All the above being said, too much intimacy and involvement has its pitfalls. You should use your knowledge of students’ family situation and background in conjunction with your knowledge of their academic strengths and weaknesses to inform teaching. 

I was very careful to explain to students why I wanted to learn more about them (to help inform my teaching) and to assure students all information would be kept private. Teachers should never bring up information students have shared during class. Even in private conversations with students they should be very careful to respect students’ privacy and dignity.

Balancing Your Relationship with Students’ Families

While it is a teacher’s job to support a child’s positive developmental and educational growth, they should be involved in students’ educational lives, not in their family lives. 

It should be clear to students that their teachers care about them and are there to support their learning. It should also be clear that they are their teachers, not their friends or peers, nor are they friends of family members when wearing the “teacher hat.” For example, a teacher should not get involved with counseling families in their family matters.

DO: Counsel families on matters such as coming up with a homework plan or establishing positive learning environments at home.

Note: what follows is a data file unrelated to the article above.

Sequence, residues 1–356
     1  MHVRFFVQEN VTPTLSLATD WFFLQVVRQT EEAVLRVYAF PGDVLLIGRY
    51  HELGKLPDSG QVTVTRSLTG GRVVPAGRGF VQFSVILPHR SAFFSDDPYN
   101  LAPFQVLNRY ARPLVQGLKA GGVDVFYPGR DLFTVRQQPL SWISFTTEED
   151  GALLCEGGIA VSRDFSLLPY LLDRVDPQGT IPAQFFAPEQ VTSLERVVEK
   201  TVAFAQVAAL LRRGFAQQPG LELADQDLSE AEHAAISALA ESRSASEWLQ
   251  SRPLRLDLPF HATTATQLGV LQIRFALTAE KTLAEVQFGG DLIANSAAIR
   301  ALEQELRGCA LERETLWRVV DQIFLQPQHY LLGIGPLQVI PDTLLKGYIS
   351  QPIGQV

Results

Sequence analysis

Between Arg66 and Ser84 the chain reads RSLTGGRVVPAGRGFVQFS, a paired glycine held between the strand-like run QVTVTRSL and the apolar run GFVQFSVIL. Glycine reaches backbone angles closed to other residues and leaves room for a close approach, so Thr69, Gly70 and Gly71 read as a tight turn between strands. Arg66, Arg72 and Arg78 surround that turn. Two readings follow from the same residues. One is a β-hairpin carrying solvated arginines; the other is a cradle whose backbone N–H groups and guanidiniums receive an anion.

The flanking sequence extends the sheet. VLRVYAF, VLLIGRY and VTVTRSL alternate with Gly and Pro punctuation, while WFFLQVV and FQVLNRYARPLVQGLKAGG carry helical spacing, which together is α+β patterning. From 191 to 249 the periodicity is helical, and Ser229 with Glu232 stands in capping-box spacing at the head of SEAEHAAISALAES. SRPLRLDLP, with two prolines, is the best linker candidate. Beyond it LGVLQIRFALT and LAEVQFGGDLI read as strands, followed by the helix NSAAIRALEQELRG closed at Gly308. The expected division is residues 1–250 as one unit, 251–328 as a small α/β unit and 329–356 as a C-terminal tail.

DON’T: Give advice to parents about navigating marital problems or when their children should be permitted to go on a first date. 

DO: Refer students and their families to the appropriate professionals, such as a school counselor or social worker, to help resolve or locate other professionals and resources to help them to resolve such matters.

Remaining Objective as a Teacher

Despite close relationships, teachers must treat all students fairly. While teachers should evaluate students individually based on progress and effort as well as performance, all students should follow the same rules and be held to high expectations. Teachers should consider what they know about what’s going on in individual students’ lives in deciding how best to teach them, but not change expectations. 

For example, if a student’s family is in the middle of a disruptive move:

DO: Consider extending due dates or facilitating the student completing more assignments at school. 

DON’T: Exempt the student from a project and allowing them to catch up on socializing in class.

Clear Communication & Responsibility

Communication and responsibility are also key elements in the student/teacher relationship. 

Students should be heard and know that their concerns and opinions are taken seriously, even in moments of disagreement, but they must not disrupt the learning of others or be disrespectful. Teachers cannot disregard behavior problems because they know a student has a troubled home life. It doesn’t serve the student, their classmates or the quality of education in your classroom. 

As students need to know that they are ultimately responsible for their actions, they should also understand that they, first and foremost, are in charge of their own learning, with the teacher engaged to help them get there. 

As you continually strive to teach the whole child, I hope these strategies for building positive, productive student/teacher relationships.

How do you build relationships with students? Share in the comments section!

Contributed by Rachel Levy of K-12 Schools Blog